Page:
2) Learn What It’s Like.

When you’re admitting your eighth patient of the night on call, it’s easy to get caught up in the boggy little details and lose sight of the big picture. Remember, medicine is about the patient, not about you! So it’s a good idea to get reacquainted with the patient’s point of view whenever you can, to recapture the essence of being a doctor.

That’s why, on the first night of a Golden Weekend, right after I’ve taken my “golden shower,” I’ll head over to the ER with a bogus ailment like chest pain or abdominal pain, and try to get myself admitted for a couple of days. Usually the worst that’ll happen is I’ll get an IV put in by a medical student who’s got no clue, though one time I think I coded and had to be shocked a few times. Long story. Anyhow the best part is that once you’re admitted, you get free meals, watch TV all day, and get to do those word-search puzzles you otherwise never get a chance to do. And don’t forget the continuous oxygen by nasal cannula! If that doesn’t clear your sinuses, nothing will.

A variation on this theme is to get admitted to Psych, although you gotta make sure you put in your 72-hour notice as soon as you get in, or else you’ll miss rounds on Monday!

3) Travel the World.

Let’s face it, you really don’t get much time off during residency. Two, three weeks off a year ... that’s it? So when are you gonna get a chance to see the world? Never? Nope, that ain’t quite true, ‘cuz a Golden Weekend’s the perfect time to see places you’ve always wanted to, but never thought you’d have time. Here’s how you do it. On Friday morning, go straight from the hospital to the airport. Choose a destination – any one’ll do, as long as it’s real far – real far. March right on up to the counter and buy yourself a ticket ... they still sell ‘em that way, believe it or not. Last-minute fares can be a little expensive, but it’ll be worth it – trust me! I went to Australia one weekend for only about $2250 round-trip coach, and got to spend more than two hours there. It was cool! Plus you don’t have to worry about hotel or car rental ... just hop back on the plane. Again, you get free food the whole way, and if you’re lucky you can snag a deck of cards too.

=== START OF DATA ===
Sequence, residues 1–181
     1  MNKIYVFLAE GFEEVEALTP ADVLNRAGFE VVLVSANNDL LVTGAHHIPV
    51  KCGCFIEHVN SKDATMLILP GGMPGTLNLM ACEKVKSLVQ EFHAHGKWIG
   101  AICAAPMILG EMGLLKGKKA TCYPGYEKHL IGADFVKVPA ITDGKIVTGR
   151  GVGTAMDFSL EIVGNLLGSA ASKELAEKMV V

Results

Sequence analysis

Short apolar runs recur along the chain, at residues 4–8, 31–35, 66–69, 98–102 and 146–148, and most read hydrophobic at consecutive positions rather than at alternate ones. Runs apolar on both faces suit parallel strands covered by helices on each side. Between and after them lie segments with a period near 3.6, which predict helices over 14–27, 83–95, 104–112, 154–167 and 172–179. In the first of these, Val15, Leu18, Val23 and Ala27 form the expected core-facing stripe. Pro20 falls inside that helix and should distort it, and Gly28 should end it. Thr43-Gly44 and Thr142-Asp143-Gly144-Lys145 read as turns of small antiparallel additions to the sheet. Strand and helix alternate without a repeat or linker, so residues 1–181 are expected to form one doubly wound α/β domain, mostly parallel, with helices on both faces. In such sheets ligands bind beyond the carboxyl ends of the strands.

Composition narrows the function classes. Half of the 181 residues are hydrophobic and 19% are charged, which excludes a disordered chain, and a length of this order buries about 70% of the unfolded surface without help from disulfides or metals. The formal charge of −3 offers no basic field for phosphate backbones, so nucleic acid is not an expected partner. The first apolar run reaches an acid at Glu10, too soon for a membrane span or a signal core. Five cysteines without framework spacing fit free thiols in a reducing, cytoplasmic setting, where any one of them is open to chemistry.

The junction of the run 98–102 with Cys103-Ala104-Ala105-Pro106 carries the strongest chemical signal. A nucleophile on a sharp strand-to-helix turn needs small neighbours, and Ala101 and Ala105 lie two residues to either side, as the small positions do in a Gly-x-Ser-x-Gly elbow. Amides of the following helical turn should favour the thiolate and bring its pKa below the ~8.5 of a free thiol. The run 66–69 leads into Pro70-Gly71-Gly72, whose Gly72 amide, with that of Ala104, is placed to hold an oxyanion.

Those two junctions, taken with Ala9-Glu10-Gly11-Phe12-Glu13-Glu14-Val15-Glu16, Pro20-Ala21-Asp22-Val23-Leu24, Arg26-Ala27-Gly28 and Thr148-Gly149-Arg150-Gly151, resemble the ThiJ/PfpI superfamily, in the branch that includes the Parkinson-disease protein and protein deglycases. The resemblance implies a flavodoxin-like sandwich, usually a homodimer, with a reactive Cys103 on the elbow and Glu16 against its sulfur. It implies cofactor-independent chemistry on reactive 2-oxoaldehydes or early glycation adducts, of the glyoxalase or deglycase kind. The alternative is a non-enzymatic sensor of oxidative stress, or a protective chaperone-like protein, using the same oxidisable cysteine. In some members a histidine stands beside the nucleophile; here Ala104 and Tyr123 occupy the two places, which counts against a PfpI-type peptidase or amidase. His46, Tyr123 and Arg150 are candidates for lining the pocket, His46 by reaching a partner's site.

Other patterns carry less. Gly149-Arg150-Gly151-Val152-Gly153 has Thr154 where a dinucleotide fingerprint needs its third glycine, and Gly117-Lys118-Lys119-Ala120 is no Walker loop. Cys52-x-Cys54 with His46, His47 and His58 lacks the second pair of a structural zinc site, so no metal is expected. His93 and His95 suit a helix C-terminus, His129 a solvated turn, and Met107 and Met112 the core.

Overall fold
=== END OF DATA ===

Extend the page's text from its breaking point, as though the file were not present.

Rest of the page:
Remember also that if you go to the Far East, you’ll actually gain a day or two on the way back, so you’ll still have the entire weekend to spend once you get back! In my book, this is one of the best bargains anywhere. Well worth the trouble!!

WHOOAAH, looks like we’re out of time again, kids! Well, hope you found that little didactic session useful. I sure did, but now my foot’s asleep ... must be that danged tarsal tunnel acting up again. So for now, keep your hands in the air and your knees on the pavement, and I’ll see you next time. And till then,

“Just tell ‘em Dr. Karl sent ya!”

Karl Newman, MD is a second-year resident in Internal Medicine. The views expressed in this article do not necessarily represent those of Q Fever!, its editors, or its writers.